Mr. Tam Hoang, Urban Development Specialist, UN-Habitat
Digital technology now captures over 2.5 quintillion bytes of data daily from mobile phones and other technologies, but the ownership of such data, disclosure obligations and the access to such data in the public and economic interests of the city is unfortunately not well-used nor understood by municipalities. The lack of municipal standards governing data disclosure by non-state actors results vast amounts of citizen data being captured and retained, often in contravention to transparency and citizens’ right to information and privacy. Too often, the state is also at the mercy of vendors that offer expensive and complicated solutions that obscure the real capacity development work and stakeholder engagement/mobilization that needs to be done. ‘Smart’ Governance ought to consider ownership, control, access and usage of data held by all the stakeholders of data ecosystems capturing the data about the city, and its citizens. UN-Habitat’s Flagship Programme on Smart Cities also aims to assist cities in emerging economies to strengthen their data governance capacities (such as developing city-wide open data specifications for a wide variety of services) by mobilizing not just official data, but private sector and informal sector actors in data sharing and citizen co-creation of services data application programming interfaces (APIs).
Local governments in low-income developing countries and least developed countries continue to face digital governance capacity gaps – many cities and municipalities struggle to access information and regulate the disclosure of the same. In some Asian cities the lack of data standards and lack of data disclosure regime for private / non-government mobility operators have led to the uncontrolled proliferation of private operators of bike-share schemes resulting in mass abandoned bicycle ‘graveyards’ -- a symptom of a ‘smart’ tech solution for climate smart mobility which has now bloomed a public nuisance resulting in exorbitant costs upon the city to sort out the waste disposal issues having ‘unsmart’ consequences. It is not about a lack of digital infrastructure and technology, but rather in how technologies are applied, engaging stakeholders in a participatory way to share data critical to improve the fair and inclusive quality of life for all citizens and smooth, efficient, transparent and accountable delivery of municipal services.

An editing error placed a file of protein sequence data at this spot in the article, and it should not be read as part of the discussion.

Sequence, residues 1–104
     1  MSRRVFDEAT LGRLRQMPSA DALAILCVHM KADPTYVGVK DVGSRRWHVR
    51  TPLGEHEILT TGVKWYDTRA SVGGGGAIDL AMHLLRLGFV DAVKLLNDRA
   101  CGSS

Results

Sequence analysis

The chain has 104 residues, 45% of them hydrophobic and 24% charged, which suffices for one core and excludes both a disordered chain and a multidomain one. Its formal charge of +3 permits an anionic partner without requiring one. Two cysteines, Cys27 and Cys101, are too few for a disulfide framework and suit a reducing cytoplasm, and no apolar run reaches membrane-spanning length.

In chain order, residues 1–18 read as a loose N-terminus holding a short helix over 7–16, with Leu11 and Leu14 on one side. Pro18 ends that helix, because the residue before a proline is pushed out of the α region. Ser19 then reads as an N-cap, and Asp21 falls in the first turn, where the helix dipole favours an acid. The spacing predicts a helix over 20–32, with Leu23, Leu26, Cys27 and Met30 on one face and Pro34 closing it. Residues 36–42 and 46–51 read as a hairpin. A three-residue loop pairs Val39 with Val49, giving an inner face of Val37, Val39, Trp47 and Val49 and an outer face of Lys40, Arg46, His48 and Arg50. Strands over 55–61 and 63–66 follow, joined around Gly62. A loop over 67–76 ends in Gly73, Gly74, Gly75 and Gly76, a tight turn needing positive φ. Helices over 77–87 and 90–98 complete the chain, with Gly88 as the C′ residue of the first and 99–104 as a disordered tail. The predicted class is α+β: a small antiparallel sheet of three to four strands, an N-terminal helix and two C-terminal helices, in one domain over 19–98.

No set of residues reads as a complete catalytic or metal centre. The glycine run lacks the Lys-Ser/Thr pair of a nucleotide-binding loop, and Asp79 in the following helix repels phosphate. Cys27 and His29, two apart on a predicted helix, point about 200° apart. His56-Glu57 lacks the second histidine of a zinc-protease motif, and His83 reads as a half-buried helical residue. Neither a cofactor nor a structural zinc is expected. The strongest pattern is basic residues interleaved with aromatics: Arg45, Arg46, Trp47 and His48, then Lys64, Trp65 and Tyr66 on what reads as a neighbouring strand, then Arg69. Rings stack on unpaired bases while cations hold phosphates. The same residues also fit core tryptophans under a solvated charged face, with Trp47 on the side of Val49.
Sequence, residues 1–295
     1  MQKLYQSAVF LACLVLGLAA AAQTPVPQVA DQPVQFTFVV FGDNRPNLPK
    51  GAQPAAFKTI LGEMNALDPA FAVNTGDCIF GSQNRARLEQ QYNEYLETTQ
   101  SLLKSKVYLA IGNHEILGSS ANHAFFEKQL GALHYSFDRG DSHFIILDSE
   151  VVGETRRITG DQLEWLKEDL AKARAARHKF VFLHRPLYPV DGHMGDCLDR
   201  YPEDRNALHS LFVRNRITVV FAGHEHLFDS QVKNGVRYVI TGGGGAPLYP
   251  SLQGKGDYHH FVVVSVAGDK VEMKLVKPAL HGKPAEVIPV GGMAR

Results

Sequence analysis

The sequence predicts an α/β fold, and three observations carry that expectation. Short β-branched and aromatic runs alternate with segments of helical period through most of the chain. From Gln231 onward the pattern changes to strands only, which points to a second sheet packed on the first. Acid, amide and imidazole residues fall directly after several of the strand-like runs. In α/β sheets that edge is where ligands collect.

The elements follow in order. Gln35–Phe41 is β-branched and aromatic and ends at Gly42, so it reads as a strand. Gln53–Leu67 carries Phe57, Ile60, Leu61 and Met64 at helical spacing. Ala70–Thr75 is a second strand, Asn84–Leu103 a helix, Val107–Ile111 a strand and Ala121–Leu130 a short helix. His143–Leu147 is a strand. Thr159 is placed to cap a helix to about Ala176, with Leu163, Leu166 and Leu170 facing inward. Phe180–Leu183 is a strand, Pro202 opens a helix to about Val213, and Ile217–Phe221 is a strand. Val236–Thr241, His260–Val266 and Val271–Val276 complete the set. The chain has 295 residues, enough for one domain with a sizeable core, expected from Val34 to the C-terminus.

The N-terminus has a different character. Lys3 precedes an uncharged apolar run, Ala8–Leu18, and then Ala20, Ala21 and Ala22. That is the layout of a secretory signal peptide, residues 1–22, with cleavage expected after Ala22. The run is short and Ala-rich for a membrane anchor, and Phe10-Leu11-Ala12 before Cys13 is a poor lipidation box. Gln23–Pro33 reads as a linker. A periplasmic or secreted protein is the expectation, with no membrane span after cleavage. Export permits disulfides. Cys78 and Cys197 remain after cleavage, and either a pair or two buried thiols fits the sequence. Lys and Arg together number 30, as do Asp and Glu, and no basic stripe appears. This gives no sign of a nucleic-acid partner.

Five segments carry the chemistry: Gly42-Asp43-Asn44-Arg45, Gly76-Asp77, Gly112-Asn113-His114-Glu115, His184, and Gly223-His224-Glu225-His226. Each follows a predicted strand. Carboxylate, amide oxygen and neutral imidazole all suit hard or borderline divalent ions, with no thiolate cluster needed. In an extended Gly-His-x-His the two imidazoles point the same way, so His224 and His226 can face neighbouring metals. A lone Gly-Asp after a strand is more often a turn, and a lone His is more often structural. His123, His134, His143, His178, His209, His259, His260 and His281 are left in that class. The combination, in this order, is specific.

Mr. Andre DZIKUS, Coordinator, Urban Basic Services Branch, Acting Coordinator, Risk Reduction and Rehabilitation Branch, UN-Habitat (firstname.lastname@example.org)